The Cisco Unified Messaging Gateway provides an open and secure method of intelligently routing messages and exchanging subscriber and directory information within a unified messaging network. It acts as the central hub in a network of Cisco unified messaging solutions and third-party gateways that interface with older voicemail systems.

Unified Messaging Gateway is ideal for companies that need the following key features:

  • Scales the unified messaging network as required for branch-office customers and larger distributed enterprises
  • Simplifies configuration tasks and centralize voicemail system management
  • Transparently integrates Cisco Unified Communications solutions into existing voicemail installations
  • Integrates small to large-scale unified messaging deployments that consist of more than five Cisco Unity Express systems.
  • Integrates up to 10,000 mixed Cisco Unity Express, Cisco Unity, and Cisco Unity Connection systems.

See Cisco Unified Messaging Gateway 1.0 Command Reference at Cisco.com for more information, http://www.cisco.com/en/US/docs/voice_ip_comm/umg/rel1_0/command/reference/UMG_1.0_CmdRef.html .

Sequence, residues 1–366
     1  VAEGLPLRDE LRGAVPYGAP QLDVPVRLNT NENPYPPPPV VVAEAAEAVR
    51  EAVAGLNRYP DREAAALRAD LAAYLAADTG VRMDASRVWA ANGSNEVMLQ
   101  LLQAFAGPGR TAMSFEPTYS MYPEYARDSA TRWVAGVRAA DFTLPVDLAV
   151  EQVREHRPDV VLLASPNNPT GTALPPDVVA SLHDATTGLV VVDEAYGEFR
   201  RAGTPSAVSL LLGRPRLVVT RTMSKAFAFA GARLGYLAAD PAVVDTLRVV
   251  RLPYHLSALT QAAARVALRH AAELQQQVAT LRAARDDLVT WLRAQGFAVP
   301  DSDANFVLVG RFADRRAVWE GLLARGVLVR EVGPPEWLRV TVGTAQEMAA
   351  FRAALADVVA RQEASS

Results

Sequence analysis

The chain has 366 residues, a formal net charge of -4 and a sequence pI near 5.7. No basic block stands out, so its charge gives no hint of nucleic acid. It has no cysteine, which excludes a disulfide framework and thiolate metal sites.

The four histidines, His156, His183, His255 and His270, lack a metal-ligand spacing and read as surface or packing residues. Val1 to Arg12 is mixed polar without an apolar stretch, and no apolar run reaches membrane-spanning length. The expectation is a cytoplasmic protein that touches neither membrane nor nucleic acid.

IP Media Services

The Cisco 3900 series and Cisco 2900 series ISRs support the following media services:

Conferencing, Transcoding and Media Termination Point (MTP)

Cisco Enhanced Conferencing and Transcoding for Voice Gateway Routers provides conferencing and transcoding capabilities in Cisco IOS Software-based gateways using the onboard Cisco Packet Voice/Fax Digital Signal Processor Modules on the Cisco voice gateway routers. This capability is also supported on Cisco voice gateway router platforms using the Cisco IP Communications Voice/Fax Network Module and the Cisco IP Communications High-Density Digital Voice/Fax Network Module. This feature is delivered in Cisco IOS Software and operates in conjunction with Cisco CallManager.

See Configuring Enhanced Conferencing and Transcoding for Voice Gateway Routers at Cisco.com for configuration information, http://www.cisco.com/en/US/docs/ios/12_3/vvf_c/interop/intcnf2.html.

RSVP Agent

The RSVP Agent feature implements a Resource Reservation Protocol (RSVP) agent on Cisco IOS voice gateways that support Cisco Unified Communications Manager Version 5.0.1. The RSVP agent enables Cisco Unified Communications Manager to provide resource reservation for voice and video media to ensure QoS and call admission control (CAC). Cisco Unified Communications Manager controls the RSVP agent through Skinny Client Control Protocol (SCCP). This signaling is independent of the signaling protocol used for the call so SCCP, SIP, H.323, and MGCP calls can all use the RSVP agent.

Benefits of this feature include the following: